• [13] Waitangi Tribunal, Petroleum Report (Wellington: Waitangi Tribunal, 2003), online: [Petroleum 2); Greenpeace of New Zealand v the Minister of Energy and Resources,[2012] NZHC 1422, online: ; Andrew Erueti & Joshua Pietras, “Extractive Industry, HumanRights and Indigenous Rights in New Zealand’s Exclusive Economic Zone” (2013) 11NZYR Inti I. 37."
  • [14] Ruckstuhl et al., supra note 10 at 311.
  • [15] Tuwharetoa Maori Trust Board, Submission on Proposed Tender, Epithermal Gold 2013 (19July 2013) at 3.
  • [16] Те Mana о Ngati Rangitihi, Submission to the New Zealand Epithermal Gold 2013: ProposedCompetitive Tender Allocation of Exploration Permits in the Central North Island (May 2013)at 2-3.
  • [17] S. Darby, New Zealand Epithermal Gold 2013 Minerals Competitive Tender: Results of Consultation (19 August 2013), released under the Official Information Act at 4 [Darby Report],
  • [18] An iwi in the South Island, Ngai Tahu, took a case to the Waitangi Tribunal and allegedthe Crown breached its Treat)' of Waitangi obligations when it failed to ensure Ngai Tahuretained ownership of pounamu (greenstone or jade) in rivers and adjacent land when theysold land to the Crown. See Waitangi Tribunal, Ngai Tahu Land Report (1991); Ngai Tahu(Pounamu Vesting) Act 1997 (NZ), 1997/91.
  • [19] Petroleum 1, supra note 12. See also Waitangi Tribunal, Report on the Management of thePetroleum Resource (2011) [Petroleum 2]. The resulting 2003 Stage 1 Petroleum Reportconcluded that prior to the nationalization of petroleum in 1937, Maori had legal title tothe resource as an incident to land ownership. Therefore, the loss of legal title by pre-1937Treat)' breaching alienations and expropriation of those resources without compensationor royalties breached the Treaty. They also concluded that the Crown’s refusal to considerpetroleum-based remedies was in breach of the Treaty. The Crown refused to recognize theTribunal findings and no other mineral ownership claims have been pursued in the Courtsto challenge the original vesting of mineral resources in the Crown. The Stage 2 reportexamined both the CMA and the Resource Management Act 1991 under which environmental impacts of mining activity are regulated. The Tribunal concluded that the CMAwas in breach of the Treaty because of the failure to ensure Maori interests are adequatelyprotected and Maori perspectives are adequately considered. They also found a failure toensure Maori had the capacity and resources to effectively engage with the processes underthe CMA.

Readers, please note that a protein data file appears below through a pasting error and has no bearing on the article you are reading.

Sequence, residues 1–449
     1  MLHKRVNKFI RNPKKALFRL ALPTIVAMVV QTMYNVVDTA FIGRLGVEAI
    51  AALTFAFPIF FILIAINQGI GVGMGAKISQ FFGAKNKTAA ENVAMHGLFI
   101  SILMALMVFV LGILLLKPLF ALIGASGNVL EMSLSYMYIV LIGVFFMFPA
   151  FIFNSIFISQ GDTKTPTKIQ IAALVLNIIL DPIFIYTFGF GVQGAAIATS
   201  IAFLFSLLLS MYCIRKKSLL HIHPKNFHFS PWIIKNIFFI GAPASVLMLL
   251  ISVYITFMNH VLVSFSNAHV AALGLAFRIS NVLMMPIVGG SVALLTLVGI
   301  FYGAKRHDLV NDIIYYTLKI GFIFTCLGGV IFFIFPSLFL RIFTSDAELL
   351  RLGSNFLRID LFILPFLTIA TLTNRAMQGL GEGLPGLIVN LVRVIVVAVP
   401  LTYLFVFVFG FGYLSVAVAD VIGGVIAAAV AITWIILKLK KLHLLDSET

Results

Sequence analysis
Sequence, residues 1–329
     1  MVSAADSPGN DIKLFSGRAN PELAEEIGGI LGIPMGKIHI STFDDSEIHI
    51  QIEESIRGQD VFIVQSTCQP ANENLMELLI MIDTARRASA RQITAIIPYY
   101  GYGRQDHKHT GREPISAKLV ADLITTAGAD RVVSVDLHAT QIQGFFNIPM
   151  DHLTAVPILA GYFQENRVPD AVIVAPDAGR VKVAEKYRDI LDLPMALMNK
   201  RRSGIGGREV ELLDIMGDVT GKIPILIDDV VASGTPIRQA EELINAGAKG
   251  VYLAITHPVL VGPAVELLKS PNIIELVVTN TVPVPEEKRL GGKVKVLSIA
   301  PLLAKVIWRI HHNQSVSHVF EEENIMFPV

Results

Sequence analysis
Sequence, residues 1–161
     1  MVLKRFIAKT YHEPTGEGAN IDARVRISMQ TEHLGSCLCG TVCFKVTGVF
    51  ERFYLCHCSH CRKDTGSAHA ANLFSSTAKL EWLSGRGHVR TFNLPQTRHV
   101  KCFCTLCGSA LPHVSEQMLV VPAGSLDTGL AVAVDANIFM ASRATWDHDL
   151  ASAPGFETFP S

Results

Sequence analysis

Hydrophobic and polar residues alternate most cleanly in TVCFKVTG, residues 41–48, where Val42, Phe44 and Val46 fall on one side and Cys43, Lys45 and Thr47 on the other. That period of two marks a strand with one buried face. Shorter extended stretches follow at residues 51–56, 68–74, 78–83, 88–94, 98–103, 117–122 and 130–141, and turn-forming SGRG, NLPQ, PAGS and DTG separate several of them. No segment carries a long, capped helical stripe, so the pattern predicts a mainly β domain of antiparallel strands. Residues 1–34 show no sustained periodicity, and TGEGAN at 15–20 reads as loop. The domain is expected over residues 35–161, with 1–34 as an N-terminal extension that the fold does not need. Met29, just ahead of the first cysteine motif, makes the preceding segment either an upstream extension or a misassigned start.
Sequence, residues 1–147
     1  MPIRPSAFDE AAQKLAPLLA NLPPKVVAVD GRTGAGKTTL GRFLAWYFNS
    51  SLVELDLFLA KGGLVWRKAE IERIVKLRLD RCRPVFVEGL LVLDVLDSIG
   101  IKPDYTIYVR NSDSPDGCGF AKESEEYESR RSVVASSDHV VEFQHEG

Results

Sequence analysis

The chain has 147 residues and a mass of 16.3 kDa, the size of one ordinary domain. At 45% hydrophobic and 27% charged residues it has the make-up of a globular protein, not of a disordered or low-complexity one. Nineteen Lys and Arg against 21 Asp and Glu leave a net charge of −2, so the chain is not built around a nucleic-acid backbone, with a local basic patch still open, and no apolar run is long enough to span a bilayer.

• [20] Petroleum 2, supra note 19.
  • [21] Ruckstuhl et al., supra note 10 at 15.
  • [22] Ibid, at 16.
  • [23] Jacinta Ruru, “Indigenous Peoples’ Ownership and Management of Mountains: The Aote-aroa/New Zealand Experience” (2004) 3 Indigenous LJ111 at 116.
  • [24] N. Minhinnick, Establishing Kaitiaki (Auckland: The Print Centre, 1989), cited in Hirini P.Matunga, The Resource Management Act 1991 and Maori Perspectives (Canterbury: Centrefor Maori and Indigenous Planning and Development, Lincoln University, 1995) at 23,online: .
  • [25] Petroleum 2, supra note 19 at 30.
  • [26] Ruckstuhl et al., supra note 10 at 26.
  • [27] Waitangi Tribunal, Central North Island Report at 1246.
  • [28] Jennifer Nedelsky, Law’s Relations: A Relational Theory of Self, Autonomy, and Law (NewYork: Oxford University Press, 2011).
  • [29] Estair Van Wagner, “Putting Property in Its Place: Relational Theory, Environmental Rightsand Land Use Planning” (2013) 43 RGD 275. See also Estair Van Wagner, “Law’s Ecological Relations: The Legal Structure of People-Place Relations in Ontario’s AggregateExtraction Conflicts” (2016) MIT J of Planning 35.
  • [30] Nicholas Blomley, “Disentangling Law: The Practice of Bracketing” (2014) 10 Annual Revof L & Social Science 133 at 133-148, 136.
  • [31] Ibid, at 139.
  • [32] Pasternak, supra note 2 at 17. See also Shaunnagh Dorsett & Shaun McVeigh, “Questionsof Jurisdiction” in Shaunnagh Dorsett & Shaun McVeigh, eds., Jurisdiction (London: Rout-ledge, 2012).
  • [33] Bent Flyvbjerg, Rationality and Power: Democracy in Practice (Chicago: University of Chicago Press, 1998) at 27. See also Jon Murdoch, Post-Structuralist Geography: A Guide toRelational Space (London: SAGE, 2005) at 147.
  • [34] Susan Owens & Richard Cowell, Land and Limits: Interpreting Sustainability in the Planning Process, 2nd ed. (London: Taylor & Francis, 2010).
  • [35] Emma Battell Lowman & Adam J Barker, Settler Identity and Colonialism in 21st CenturyCanada (Hatfield: University of Hertfordshire, 2016) at 49.